public schools patronized by various population groups.

Sources of Material. Particular attention is called to
the sources of the selections in this book. If children are
expected to learn "the efficient use of books,” they must have
specific training for reading the various types of reading matter
of which school and society make demand. Accordingly, the
authors have deliberately chosen selections from the best
examples of text-books, reference books, magazines for children,
and other suitable publications.

pages 12, 82, 156, 188.

7. The ability to use dictionaries,-pages 139, 156, 198, 314.

8. The ability to use references,-pages 8, 34, 161, 175, 185.

9. The ability to make a bibliography,-pages 110, 177,

213, 280, 325.

* Arranged for the convenience of teachers. This plan, however does not preclude
the use of the selections under other headings than those specified.

10. The ability to reproduce a story in parts (relay), or as

a whole,-pages 34, 145, 238, 255, 272. 11. The ability to appreciate and interpret in dramatic

action, - pages 139, 255, 284, 318. 12. The ability to increase vocabulary,--pages 87, 95,

230, 247. 13. The ability to memorize,-page 222, and poems. 14. The ability to appreciate refinement of speech,

pages 87, 106, 205, 230, 325. 15. The ability to appreciate a joke (humor), -pages 33, 63,

106, 139, 223, 318. 16. The ability to perform in response to directions given,

pages 101, 137, 188, 201, 262, 293, 296 (memorization). 17. The ability to use given data in another situation,

(a) exercising judgment in selection, comparison and organization of data gleaned from reference or consultative reading, -pages 161, 185; (b) selection and organization of data for specific purpose determined by pupil, as (illustrated lecture), -pages 238, 262, 297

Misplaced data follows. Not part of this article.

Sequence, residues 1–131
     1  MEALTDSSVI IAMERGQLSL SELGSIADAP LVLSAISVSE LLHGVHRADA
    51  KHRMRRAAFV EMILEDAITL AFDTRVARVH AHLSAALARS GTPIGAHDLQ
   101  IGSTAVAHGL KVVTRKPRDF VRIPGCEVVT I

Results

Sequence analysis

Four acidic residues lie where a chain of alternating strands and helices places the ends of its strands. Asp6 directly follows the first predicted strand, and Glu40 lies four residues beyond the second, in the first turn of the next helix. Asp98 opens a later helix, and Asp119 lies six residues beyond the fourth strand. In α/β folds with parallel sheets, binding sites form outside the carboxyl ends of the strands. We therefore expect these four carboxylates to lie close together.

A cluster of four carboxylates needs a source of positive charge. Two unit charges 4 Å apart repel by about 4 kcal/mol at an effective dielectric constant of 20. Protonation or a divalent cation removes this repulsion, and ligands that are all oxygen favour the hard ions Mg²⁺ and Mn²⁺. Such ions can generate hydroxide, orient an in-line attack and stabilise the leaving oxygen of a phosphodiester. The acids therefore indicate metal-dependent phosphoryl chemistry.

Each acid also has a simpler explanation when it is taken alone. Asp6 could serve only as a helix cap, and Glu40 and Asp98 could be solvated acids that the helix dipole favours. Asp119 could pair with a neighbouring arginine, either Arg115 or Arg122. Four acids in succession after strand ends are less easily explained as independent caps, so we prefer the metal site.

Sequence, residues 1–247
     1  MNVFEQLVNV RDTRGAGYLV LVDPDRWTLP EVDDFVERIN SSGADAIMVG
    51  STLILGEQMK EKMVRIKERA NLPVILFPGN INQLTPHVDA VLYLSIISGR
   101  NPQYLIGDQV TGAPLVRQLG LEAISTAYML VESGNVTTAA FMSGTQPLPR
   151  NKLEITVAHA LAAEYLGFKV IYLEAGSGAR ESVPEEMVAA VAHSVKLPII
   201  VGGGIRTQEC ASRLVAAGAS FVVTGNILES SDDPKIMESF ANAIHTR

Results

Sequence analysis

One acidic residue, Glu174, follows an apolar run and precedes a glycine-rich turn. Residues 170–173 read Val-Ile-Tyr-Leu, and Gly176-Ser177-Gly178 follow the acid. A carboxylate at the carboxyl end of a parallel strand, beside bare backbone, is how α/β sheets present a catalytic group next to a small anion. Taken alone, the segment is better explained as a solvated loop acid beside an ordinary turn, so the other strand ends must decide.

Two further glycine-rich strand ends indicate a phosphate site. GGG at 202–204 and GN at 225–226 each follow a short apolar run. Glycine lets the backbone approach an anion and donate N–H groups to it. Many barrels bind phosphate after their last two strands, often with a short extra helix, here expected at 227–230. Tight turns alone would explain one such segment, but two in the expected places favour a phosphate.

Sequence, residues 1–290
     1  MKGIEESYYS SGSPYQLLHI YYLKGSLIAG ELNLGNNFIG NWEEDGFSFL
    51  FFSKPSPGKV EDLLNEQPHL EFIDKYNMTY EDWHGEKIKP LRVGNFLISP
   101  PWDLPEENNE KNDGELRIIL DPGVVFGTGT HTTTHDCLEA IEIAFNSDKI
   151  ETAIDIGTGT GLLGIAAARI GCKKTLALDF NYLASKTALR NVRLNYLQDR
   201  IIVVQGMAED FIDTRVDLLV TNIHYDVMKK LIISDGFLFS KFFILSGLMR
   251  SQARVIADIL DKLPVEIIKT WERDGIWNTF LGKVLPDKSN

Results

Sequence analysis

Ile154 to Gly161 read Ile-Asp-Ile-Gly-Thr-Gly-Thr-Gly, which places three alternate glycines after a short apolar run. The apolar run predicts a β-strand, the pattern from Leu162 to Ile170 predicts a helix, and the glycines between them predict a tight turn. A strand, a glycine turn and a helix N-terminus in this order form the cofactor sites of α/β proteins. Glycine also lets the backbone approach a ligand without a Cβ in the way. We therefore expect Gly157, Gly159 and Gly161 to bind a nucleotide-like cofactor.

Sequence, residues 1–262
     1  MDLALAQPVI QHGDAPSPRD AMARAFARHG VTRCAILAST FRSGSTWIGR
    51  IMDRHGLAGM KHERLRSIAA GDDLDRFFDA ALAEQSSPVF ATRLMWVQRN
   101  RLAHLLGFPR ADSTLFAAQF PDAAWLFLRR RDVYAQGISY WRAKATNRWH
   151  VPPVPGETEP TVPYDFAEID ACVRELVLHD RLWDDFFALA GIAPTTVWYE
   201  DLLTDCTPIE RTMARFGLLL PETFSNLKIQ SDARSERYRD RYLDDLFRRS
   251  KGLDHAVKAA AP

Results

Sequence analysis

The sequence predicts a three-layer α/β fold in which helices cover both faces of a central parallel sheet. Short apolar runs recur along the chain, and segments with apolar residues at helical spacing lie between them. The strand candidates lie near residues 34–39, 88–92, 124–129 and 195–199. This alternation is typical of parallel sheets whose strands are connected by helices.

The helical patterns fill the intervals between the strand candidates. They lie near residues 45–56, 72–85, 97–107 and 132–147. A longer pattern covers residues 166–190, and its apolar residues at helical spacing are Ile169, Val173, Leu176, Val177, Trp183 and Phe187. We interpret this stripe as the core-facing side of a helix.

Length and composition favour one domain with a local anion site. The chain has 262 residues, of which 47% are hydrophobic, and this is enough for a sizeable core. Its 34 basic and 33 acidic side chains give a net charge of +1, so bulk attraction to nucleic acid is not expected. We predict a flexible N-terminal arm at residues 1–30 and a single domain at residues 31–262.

(story-telling in relay), (costumed story-teller). 18. The ability to summarize,-pages 121, 123, 145, 175.

. 19. The ability to create new situations from data given:

(a) changing prose to poetry, page 280; (b) changing poetry to prose, page 33; (c) changing narrative to dramatic form, page 255; (d) changing introduction or conclusion, page 15; (e) changing form, but leaving

meaning intact by change in vocabulary, page 156. 20. The ability to ask questions as well as to answer them,

(a) emphasizing the main points in paragraphs, page 128; (b) emphasizing the main points in parts or the whole selection, pages 205, 238, 325, 110; (c) selecting details related to the main point, pages 230, 116; (d) recognizing relative worth of ideas, of form, of expression, etc., pages 78, 318; (e) provoking thought —"reading between the lines,” pages 110, 219, 238.